Etiology and diagnosis of anal fissure and stenosis

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Anal fissure is a linear crack of the anal mucosa between the dentate line and the mucocutaneous junction. The majority occur in the posterior midline, and usually can be diagnosed by patient history alone. The etiology of anal fissure is not well understood. The likely common factor is the passage of hard stool, resulting in a traumatic laceration. Theories of the etiology of anal fissure have focused on factors such the anatomical configuration of the sphincter muscles, elevated maximum anal resting pressure, infection, and most recently on the blood supply to the mucosa of the anal canal. Evidence that ischemia may be an important factor in the pathogenesis of anal fissure is the observation that reduction in sphincter pressure, produced by internal sphincterotomy, results in a corresponding increase in blood flow to the site of the fissure, which then heals. Anal stenosis is an abnormal narrowing of the anal canal. In the majority of cases, anal stenosis results from the removal of excessive amounts of tissue during anorectal surgery. Other conditions that have been associated with anal stenosis include chronic anal fissure, perianal sepsis, radiation, laxative abuse, and Crohn's disease.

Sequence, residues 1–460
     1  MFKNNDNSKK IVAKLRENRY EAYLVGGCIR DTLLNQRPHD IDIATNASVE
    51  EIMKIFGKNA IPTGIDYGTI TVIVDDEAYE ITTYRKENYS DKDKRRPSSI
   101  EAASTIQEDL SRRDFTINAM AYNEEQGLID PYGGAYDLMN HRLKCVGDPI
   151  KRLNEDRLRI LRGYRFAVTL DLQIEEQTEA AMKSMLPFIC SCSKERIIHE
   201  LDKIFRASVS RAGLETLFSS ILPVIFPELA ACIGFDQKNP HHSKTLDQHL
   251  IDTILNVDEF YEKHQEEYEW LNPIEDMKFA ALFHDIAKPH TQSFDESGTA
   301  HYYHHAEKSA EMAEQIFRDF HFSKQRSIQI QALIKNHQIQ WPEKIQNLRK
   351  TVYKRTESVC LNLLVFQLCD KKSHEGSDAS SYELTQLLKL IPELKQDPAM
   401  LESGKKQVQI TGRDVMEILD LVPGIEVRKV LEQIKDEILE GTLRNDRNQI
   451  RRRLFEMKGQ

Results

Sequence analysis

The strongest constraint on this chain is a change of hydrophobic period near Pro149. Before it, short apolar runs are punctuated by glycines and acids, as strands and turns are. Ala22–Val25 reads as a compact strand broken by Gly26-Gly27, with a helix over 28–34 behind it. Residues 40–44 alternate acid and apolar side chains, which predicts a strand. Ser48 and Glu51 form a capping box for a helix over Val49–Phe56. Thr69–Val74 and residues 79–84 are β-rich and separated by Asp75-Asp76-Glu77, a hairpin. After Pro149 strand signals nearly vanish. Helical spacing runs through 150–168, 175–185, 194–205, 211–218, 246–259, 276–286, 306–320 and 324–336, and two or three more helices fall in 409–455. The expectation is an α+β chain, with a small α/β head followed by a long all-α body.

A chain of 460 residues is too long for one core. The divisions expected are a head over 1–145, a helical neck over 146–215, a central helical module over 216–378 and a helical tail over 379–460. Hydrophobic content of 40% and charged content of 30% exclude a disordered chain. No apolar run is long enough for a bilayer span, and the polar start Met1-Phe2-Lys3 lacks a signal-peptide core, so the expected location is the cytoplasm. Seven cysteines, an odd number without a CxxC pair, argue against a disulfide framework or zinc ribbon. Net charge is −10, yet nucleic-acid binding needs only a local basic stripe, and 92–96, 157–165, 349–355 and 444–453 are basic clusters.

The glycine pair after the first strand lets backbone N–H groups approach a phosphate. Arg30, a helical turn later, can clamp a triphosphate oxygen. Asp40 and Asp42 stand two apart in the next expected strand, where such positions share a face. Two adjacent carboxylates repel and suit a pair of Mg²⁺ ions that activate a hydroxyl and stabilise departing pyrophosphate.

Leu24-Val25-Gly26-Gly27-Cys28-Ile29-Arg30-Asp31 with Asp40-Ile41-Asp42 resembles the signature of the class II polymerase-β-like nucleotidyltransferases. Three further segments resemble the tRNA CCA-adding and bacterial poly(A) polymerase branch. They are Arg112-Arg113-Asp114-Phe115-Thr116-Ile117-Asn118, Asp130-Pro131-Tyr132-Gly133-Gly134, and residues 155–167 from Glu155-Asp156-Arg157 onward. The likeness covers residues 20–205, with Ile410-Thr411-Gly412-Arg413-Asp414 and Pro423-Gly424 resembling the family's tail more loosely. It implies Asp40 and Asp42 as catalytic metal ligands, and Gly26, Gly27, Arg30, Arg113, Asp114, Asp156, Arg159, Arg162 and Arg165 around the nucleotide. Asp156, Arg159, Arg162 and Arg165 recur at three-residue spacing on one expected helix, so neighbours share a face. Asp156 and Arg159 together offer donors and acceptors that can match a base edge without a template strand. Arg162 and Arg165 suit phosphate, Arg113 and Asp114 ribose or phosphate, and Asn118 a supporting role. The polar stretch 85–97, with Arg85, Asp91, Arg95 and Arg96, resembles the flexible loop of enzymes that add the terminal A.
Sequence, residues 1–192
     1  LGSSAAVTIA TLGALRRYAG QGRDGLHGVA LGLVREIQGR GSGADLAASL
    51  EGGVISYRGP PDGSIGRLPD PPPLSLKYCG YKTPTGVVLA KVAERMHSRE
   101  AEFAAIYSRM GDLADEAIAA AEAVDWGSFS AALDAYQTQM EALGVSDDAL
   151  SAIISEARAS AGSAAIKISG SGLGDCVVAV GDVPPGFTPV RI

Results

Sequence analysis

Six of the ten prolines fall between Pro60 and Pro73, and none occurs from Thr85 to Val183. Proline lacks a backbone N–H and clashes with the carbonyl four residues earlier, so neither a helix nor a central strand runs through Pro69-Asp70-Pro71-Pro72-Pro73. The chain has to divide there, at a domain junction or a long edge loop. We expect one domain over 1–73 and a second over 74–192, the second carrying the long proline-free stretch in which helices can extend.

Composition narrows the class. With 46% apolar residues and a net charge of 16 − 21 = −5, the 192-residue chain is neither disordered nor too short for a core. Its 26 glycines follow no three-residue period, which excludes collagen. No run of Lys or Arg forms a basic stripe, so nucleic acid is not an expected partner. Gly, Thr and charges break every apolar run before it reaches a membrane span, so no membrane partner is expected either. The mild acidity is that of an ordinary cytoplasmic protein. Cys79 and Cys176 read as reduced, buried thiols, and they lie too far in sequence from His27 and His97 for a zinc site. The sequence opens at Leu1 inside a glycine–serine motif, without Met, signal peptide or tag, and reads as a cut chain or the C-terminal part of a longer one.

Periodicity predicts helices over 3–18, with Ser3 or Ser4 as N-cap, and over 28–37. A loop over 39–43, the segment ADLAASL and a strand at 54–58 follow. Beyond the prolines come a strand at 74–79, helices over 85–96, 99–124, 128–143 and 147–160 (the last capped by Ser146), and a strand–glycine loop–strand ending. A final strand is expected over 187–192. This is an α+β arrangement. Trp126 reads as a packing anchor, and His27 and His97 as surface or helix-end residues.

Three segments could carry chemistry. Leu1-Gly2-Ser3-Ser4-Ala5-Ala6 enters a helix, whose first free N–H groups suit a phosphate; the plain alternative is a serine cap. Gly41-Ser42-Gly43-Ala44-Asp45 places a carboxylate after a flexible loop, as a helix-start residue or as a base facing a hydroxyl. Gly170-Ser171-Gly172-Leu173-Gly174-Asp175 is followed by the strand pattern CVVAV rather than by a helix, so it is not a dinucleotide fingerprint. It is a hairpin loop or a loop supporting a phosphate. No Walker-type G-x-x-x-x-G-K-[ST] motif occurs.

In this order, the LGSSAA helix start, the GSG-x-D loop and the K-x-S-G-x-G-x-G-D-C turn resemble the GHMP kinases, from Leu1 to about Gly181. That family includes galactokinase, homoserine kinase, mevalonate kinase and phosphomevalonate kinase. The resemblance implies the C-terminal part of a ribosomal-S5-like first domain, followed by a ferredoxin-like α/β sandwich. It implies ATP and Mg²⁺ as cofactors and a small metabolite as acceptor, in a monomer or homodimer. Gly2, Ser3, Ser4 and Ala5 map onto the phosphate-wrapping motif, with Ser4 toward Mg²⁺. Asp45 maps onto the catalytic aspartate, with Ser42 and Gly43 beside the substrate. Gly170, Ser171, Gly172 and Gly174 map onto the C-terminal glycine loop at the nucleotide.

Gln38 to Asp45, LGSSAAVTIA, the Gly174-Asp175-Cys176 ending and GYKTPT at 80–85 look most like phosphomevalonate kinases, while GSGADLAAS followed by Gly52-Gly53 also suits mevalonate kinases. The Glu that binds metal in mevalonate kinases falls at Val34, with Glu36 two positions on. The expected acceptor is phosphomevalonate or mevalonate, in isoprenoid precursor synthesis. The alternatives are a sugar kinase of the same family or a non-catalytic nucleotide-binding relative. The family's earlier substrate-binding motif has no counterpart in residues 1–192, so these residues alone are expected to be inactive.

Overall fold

Original languageEnglish
Pages (from-to)2-5
Number of pages4
JournalSeminars in Colon and Rectal Surgery
Issue number1
StatePublished - 1997


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